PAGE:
The youngest and warmest spa resort in Slovakia is Dudince town, situated on the slopes of Krupinská lowland. It dates back to 1951, when the first sanatorium with baths was built. Cold and cool bicarbonaceous-chloride, natrium-calcium and carbonic mineral waters are used in Dudince to cure rheumatism, Bekhterev's disease, nervous and cardiovascular diseases. By its unique chemical structure and influence on health, specialists compare the water in Dudince to the ones in Vichy spa resort, in France.
Banská Štiavnica town with its unique mountain-ore hydro-cultural system is an interesting place for tourists (60 man-made lakes, connected with each other by arches and water galleries, digged out under the town on 17 floors, 900 m deep and several kilometres long). They call Banská Štiavnica a silver town due to silver mining and its inhabitants' wealth. Only in 1740 almost 23 000 kg of silver and 600 kg of gold were obtained. All 215 national cultural monuments, two castles within the same town and two Late Romanesque basilicas, located very close to each other, testify to the city and its residents' wealth. Development of mining engineering in Banská Štiavnica was confirmed by Maria Theresa's decision to found the Mountain Academy there in 1762, world's first establishment of higher technical education. In the XVIIIth century it was the third town by size in Hungary. Nowadays, mining engineering is just a tourist attraction here. Near the lakes, preserved on the hills of Štiavnica, there are tourist footpaths. Under the ground there is a labyrinth of mines and galleries with mining machines, and on its surface there are building and technical monuments. Tours to the mines are available in the open-air mountain museum.
Historic sources inform that in the past there were about 300 castles in Slovakia. The present-day maps show 168 castles, 109 of them being national cultural monuments. One of the biggest castles in Slovakia is Trenčín castle. This is a complex of palaces (the Zápolyis', Barbora's and Ludovic's palace) and Matúš Čák's tower where the walls are almost 4 m thick. In the castle, the Trenčín museum's exhibition is placed, which includes patrimonial portrait gallery that belonged to the Illyeshgazis, the castle's former owners. Besides, large underground rooms of Cherveny Kamin castle — the Renaissance fortification building, are of interest too (the biggest one is 70 m long and 9 m high). The castle's rarity is Zoloty Orel (Golden Eagle) chemist's shop (the XVII century) and the picture gallery with portraits of Maria Theresa, Franz of Lotaryngia's and other aristocratic clans' representatives. Nowadays, the castle is designed with the thematic expositions from the Slovak National Museum. Among them there is a unique collection of furniture, oriental carpets, ceramics, porcelain and weapons.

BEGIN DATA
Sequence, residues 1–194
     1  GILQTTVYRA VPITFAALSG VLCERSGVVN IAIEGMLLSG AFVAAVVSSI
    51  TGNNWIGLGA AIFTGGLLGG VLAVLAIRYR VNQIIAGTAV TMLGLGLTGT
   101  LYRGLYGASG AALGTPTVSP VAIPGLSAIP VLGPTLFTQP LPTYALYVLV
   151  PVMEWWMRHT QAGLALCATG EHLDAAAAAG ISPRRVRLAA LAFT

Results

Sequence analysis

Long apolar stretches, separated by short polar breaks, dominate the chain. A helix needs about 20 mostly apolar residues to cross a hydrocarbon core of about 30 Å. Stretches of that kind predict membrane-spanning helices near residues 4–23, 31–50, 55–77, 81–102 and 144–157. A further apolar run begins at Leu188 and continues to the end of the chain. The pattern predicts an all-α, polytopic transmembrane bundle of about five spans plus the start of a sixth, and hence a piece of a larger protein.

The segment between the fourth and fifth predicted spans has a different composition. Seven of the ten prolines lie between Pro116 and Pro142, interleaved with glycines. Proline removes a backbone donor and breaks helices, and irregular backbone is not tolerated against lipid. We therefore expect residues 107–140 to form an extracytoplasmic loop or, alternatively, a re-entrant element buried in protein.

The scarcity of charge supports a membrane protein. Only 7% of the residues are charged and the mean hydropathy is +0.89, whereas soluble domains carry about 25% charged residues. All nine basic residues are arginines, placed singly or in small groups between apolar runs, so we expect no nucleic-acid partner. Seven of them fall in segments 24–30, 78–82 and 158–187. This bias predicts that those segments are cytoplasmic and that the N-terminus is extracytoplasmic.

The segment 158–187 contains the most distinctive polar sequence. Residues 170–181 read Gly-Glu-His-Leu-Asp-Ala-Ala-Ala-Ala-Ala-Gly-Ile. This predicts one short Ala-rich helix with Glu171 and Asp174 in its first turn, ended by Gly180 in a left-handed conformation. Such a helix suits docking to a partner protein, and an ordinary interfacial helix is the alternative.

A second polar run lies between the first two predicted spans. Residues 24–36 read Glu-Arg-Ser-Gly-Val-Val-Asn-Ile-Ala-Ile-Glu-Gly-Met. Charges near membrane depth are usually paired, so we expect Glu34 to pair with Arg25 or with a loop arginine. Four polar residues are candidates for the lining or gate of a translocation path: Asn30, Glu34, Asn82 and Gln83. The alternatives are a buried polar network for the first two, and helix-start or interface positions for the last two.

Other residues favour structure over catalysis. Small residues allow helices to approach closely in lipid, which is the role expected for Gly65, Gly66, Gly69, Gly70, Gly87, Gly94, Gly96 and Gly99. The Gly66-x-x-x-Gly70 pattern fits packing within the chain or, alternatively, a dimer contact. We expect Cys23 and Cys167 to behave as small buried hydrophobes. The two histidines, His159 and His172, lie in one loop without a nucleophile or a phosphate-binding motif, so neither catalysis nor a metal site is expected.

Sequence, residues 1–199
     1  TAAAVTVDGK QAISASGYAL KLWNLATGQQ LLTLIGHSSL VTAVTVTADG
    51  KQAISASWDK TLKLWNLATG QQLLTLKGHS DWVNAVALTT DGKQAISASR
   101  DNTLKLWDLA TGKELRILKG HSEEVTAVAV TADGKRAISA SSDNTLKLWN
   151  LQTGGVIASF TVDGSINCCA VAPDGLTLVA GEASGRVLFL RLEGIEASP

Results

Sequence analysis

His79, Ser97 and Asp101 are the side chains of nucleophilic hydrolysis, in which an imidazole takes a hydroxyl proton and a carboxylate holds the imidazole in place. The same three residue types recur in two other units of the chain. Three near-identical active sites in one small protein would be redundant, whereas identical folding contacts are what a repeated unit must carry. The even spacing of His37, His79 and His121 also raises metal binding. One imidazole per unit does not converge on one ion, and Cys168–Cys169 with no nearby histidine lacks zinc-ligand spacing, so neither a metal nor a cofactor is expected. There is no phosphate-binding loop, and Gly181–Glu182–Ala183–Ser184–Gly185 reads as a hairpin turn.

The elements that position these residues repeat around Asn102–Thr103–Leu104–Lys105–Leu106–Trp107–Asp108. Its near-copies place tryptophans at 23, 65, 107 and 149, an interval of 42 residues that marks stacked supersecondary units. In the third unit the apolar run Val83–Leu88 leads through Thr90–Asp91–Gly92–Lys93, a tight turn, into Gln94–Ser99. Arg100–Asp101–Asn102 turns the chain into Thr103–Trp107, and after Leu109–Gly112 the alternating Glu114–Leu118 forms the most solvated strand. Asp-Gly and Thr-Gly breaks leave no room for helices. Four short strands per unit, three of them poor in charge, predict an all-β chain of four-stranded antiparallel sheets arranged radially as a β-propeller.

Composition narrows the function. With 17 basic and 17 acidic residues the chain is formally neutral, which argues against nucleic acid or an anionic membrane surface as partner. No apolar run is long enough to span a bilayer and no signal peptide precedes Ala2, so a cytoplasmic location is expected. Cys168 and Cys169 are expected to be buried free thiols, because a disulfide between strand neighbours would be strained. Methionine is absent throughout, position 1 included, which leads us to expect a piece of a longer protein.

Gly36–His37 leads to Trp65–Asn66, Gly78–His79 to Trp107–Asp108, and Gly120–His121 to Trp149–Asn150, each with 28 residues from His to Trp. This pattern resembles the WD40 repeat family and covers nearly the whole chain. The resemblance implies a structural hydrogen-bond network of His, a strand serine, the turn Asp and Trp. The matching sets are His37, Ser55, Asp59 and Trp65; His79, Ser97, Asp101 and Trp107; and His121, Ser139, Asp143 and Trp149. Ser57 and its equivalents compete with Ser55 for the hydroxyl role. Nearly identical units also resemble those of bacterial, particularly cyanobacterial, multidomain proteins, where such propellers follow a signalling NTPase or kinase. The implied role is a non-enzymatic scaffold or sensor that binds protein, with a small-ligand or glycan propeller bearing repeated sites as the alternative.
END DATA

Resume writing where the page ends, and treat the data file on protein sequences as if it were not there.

Quite as interesting is the unique complex of Spišský castle, which is one of the biggest in Central Europe, and the monuments in its suburbs — Spišské Podhradie, Spišská Kapitula and the Church of the Holy Spirit in Žehra village. The complex has been preserved remarkably well, which happens quite rarely. It consists of a big feudal lodge together with a settlement, opposite to which there is a fortified post of the church board. It is situated within 19 km from Levoča town. The view of the castle is magnificent from Godkovci village, close to Žehra village. 6 km from the castle, Spišská Kapitula is located.
Oravský castle is situated by the important road from Poland via Slovakia to Austria and Hungary. This unbelievable creation of the medieval craftsmen rises above Orava river at a height of 112 m, and it is the major tourist attraction in Orava town. In these latter days, one of the oldest Slovak museums is situated in the castle.
Seven monuments in Slovakia are included into the World Heritage List: